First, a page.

Stihl manufactures string trimmers for both home and professional use, and although some are corded or battery-powered, the majority are powered by gasoline. Like other manufacturers, Stihl offers a variety of models with two-stroke engines, but some Stihl trimmers have a specialized four-stroke engine that Stihl calls "4-Mix." It takes a mixture of gas and oil, just like conventional two-stroke engines do. The mixing ratio for most Stihl trimmers is 50-to-1.
Lubricating Two-Cycle Engines
Although less efficient than than their four-cycle counterparts, two-cycle engines generate more power and are the norm for small gas-powered tools, such as string trimmers. All internal combustion engines need the lubrication of engine oil to counteract the friction generated by metal parts as they rub against each other at high speeds and temperatures. You can't add oil to the crankcase as you do with a four-cycle engine, or the oil would flood the piston chamber and blow out of the exhaust port during combustion. Instead, the oil is added to the fuel and burns along with it during normal engine operation.
Stihl Gas Trimmer Engines
Only a few manufacturers make string trimmers with conventional four-cycle engines, and Stihl isn't one of them, although it does offer models with the 4-Mix engine.This engine combines the features of four-cycle engines, which include better efficiency and fewer atmospheric pollutants, with the convenience of gas/oil mixtures typical of two-cycle engines. The 4-Mix engines have a bypass channel in the cylinder head that allows for complete movement of the oil-rich fuel throughout the cylinder, which ensures complete lubrication. This technology eliminates the need for an oil tank and oil pump, which both make the tool bulkier and heavier.
The Standard Fuel/Oil Mixture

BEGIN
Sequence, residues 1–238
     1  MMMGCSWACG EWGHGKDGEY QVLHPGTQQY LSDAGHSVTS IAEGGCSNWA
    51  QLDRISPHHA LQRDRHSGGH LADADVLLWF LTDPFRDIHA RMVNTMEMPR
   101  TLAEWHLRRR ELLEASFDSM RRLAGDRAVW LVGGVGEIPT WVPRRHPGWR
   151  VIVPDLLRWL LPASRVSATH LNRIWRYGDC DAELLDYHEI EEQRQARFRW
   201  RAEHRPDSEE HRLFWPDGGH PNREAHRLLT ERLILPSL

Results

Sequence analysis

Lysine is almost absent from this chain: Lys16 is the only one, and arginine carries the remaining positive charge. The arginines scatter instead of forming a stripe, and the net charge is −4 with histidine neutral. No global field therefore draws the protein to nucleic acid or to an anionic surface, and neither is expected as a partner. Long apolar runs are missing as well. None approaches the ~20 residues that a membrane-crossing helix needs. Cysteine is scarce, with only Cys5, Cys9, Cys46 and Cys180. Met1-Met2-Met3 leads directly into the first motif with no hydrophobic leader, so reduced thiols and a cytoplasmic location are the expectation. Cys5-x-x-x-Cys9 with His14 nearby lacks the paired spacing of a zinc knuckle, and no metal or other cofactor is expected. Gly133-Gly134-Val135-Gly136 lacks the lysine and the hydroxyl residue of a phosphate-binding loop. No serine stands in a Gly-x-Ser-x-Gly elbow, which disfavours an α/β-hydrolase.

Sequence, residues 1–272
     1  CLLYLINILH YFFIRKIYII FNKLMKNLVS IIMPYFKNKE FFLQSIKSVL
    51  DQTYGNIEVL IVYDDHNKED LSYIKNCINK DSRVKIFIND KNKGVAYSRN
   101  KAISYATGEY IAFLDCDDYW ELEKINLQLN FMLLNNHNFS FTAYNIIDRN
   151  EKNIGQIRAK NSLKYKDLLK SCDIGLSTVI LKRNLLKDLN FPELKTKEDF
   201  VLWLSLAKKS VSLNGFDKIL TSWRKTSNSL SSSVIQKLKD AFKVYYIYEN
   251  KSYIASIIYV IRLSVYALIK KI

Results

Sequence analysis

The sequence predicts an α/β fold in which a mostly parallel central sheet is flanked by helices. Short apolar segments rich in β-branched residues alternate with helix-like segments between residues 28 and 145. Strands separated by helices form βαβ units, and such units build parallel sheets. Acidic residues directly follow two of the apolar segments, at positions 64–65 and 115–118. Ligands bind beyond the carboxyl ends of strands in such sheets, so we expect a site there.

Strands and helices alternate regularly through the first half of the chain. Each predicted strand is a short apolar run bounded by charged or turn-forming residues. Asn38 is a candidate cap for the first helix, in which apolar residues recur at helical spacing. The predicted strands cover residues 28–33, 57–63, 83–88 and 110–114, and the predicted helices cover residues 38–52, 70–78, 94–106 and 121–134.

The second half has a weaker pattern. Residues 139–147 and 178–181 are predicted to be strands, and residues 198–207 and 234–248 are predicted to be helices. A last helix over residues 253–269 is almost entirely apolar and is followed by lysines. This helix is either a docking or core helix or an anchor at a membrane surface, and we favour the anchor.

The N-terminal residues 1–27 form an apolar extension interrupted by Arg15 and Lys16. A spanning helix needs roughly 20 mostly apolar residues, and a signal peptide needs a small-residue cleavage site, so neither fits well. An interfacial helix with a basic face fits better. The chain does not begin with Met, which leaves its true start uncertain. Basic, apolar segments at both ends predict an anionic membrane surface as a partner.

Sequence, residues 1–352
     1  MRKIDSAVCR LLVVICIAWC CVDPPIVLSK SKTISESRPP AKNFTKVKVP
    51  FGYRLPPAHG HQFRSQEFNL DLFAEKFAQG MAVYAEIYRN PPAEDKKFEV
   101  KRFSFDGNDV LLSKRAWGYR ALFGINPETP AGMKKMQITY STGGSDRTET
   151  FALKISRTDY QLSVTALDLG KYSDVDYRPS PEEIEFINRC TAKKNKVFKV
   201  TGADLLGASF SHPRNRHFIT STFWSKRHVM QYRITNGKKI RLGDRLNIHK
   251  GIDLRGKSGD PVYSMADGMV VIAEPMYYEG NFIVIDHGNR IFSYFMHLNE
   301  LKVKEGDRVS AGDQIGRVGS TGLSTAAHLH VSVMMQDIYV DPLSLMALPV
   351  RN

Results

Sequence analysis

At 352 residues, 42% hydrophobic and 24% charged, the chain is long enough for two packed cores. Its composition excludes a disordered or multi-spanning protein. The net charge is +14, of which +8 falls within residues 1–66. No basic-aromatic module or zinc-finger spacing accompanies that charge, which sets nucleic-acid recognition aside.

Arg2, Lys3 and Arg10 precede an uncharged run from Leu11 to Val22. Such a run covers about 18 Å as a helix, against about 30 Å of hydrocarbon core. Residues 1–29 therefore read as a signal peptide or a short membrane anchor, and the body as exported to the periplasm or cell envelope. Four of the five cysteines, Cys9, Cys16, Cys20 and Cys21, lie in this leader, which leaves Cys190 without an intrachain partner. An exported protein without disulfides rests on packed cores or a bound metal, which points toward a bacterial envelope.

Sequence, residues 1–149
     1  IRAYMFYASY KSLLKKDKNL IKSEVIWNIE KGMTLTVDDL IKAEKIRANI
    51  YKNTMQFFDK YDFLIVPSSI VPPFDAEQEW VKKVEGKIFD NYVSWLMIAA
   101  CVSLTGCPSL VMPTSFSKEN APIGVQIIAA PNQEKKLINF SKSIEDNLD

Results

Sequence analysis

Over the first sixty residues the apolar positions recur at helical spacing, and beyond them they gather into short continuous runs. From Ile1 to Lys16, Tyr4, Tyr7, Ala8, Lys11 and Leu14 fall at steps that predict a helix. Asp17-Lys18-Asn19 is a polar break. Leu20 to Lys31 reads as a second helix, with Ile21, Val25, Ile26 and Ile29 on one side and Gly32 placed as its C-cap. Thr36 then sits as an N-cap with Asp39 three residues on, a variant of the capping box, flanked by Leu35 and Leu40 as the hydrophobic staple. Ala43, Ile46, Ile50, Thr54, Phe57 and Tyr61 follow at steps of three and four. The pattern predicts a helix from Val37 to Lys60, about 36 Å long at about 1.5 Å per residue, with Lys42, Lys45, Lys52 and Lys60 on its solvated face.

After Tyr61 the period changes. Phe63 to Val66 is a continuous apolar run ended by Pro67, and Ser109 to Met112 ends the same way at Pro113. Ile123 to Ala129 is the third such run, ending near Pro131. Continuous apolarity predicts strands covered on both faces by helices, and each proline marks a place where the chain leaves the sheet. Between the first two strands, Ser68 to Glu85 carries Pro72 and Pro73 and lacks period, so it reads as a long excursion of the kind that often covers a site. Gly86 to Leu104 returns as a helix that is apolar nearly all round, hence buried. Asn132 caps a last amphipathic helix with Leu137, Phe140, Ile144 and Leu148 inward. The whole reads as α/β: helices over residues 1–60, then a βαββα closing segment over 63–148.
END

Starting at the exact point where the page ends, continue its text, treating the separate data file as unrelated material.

All of Stihl's recent trimmer models, including those with 4-Mix engines, rely on a 50-to-1 fuel oil ratio. That ratio translates to 2.6 fluid ounces of oil for every gallon of gasoline; if you're mixing 5 gallons of gas, you would add 12.8 ounces of oil. You seldom have to measure out the oil -- most two-cycle oil comes in calibrated containers, and you can determine the amount you're using by reading the scale on the side. To mix fuel for your Stihl trimmer, first pour the fuel into an approved container, then add the gas and shake. Stihl recommends mixing only what you can use in 30 days.
Things to Keep in Mind
It's always a good idea to double-check the fuel oil ratio for your model by consulting the manual, which is available on the Stihl website. Some older models, such as the FS 81, 86 and 106, take a 40-to-1 mixture, and using the leaner oil mixture for newer machines could damage your trimmer -- although it would take time. Use only two-cycle motor oil, which is not as heavy as four-cycle oil and burns more efficiently. Before removing the gas cap to fuel your trimmer, clean grass and dirt from around the opening to prevent it from falling into the gas tank and contaminating the fuel.
Chris Deziel is a contractor, builder and general fix-it pro who has been active in the construction trades for 40 years. He has degrees in science and humanities and years of teaching experience. An avid craftsman and musician, Deziel began writing on home improvement topics in 2010. He worked as an expert consultant with eHow Now and Pro Referral -- a Home Depot site. A DIYer by nature, Deziel regularly shares tips and tricks for a better home and garden at Hunker.com.